Tuesday, March 22, 2016

As Above, So Below / ***1/2 (2014)

If I was to describe “As Above, So Below” as a handheld horror movie about a group of archaeology enthusiasts who wander into the Paris catacombs and discover the gates of hell, most readers would be inclined to respond with guffaws. But if I were to tell you that the premise lays the groundwork for a rather thrilling assemblage of shocking twists and turns, would those scoffs become intrigue? It is our instinct as seasoned moviegoers to dismiss the ideas of an endeavor if it is in the service of a tired gimmick, and who can blame us? The “found footage” device – sometimes referred to as the “queasy-cam” technique – has persisted vehemently through the fabric of the modern horror genre, and seldom to the benefit of intriguing stories or serviceable characters. But this, a relatively unassuming excursion with simple goals, carries something simmering under the surface that goes to violate the quintessential acceptance of these movies, which often stumble on a tightrope that reduces dialogue to nonsensical shouts and the images into a blurry collage of details. And that doesn’t even count the narratives, which are often circular exercises designed to set up momentary jolts or elaborate death sequences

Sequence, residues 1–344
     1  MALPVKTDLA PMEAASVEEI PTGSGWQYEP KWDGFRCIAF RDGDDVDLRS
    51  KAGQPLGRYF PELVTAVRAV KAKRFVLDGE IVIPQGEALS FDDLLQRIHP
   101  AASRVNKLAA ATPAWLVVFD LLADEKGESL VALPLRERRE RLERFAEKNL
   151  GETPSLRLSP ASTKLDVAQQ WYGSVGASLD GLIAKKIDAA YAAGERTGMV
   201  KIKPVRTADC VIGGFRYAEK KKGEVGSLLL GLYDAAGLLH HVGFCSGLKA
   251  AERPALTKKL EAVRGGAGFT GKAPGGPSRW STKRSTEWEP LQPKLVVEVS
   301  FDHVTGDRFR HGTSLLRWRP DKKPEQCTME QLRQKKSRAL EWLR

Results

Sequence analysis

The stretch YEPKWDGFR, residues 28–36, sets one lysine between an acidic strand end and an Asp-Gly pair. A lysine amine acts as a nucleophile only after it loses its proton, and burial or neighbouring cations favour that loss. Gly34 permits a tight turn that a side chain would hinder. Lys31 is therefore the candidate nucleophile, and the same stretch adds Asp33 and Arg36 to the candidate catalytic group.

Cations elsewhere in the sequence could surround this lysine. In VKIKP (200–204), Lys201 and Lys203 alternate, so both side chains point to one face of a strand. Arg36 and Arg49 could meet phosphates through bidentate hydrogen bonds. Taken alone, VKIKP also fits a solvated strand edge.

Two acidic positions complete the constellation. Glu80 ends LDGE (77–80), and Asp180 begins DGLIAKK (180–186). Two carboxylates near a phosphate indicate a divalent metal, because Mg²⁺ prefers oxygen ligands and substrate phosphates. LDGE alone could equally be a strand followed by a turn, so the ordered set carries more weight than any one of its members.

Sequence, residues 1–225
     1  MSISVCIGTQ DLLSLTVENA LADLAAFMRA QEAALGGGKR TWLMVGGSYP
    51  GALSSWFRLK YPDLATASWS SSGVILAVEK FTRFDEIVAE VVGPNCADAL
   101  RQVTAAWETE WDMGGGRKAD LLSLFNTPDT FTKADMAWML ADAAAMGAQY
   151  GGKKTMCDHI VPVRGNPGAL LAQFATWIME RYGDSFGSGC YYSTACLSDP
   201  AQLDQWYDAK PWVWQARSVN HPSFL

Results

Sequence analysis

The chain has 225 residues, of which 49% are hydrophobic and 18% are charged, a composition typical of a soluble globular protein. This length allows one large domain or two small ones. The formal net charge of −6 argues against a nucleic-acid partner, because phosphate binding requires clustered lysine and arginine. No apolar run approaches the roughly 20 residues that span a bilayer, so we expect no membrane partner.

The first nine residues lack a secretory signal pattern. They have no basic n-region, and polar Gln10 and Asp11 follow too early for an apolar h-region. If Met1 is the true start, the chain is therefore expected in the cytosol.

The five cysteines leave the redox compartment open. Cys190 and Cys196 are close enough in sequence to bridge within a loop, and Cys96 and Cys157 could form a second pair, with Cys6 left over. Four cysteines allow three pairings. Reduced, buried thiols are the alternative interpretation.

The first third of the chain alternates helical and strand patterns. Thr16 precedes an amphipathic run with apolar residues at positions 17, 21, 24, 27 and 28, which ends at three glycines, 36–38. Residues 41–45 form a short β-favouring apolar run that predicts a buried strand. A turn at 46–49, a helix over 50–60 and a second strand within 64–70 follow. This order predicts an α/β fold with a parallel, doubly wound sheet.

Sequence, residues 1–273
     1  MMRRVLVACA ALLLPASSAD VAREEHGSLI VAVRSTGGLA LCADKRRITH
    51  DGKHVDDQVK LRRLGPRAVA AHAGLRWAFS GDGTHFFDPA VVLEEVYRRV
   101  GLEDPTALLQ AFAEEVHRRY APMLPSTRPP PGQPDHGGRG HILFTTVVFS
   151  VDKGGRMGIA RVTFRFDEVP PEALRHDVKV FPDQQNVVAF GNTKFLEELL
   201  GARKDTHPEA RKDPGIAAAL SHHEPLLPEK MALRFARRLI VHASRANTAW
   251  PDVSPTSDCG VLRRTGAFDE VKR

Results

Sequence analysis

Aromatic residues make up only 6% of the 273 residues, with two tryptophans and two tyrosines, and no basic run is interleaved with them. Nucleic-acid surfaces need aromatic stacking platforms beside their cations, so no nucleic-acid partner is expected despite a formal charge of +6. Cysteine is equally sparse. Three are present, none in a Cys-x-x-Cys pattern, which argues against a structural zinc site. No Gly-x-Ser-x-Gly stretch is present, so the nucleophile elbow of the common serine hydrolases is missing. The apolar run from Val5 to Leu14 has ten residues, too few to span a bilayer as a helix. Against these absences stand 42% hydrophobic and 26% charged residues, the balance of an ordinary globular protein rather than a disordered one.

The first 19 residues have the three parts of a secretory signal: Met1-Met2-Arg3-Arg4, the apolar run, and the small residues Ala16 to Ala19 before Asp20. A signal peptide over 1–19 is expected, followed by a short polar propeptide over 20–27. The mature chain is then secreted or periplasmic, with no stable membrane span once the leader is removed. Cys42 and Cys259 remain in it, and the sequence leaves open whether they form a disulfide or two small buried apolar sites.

Here is a marvelous little scarefest that is the antithesis of the standard: a movie that builds a great aura of tension while refusing to allow the formula to become a detriment to the events we see. Certainly there are logistics that don’t add up in this conviction, and many of the details will inspire more cerebral sorts to howl at the simplified explanations. But rarely has my gut become such a cluster of knots in watching a journey of this nature unfold, or my eyes so thoroughly transfixed on the outcomes of those who are destined to become victims. And I think a solid majority of those responses come down to the sharpened values of its director John Erick Dowdle, who has dwelled in this genre abundantly and has come to realize the purpose of the handheld camera as a mood tool rather than an object of dependence. After “The Poughkeepsie Tapes,” “Quarantine” and “Devil,” it is apparent that he may be on his way to cultivating the wild nature of modern horror films into something of dependable resonance.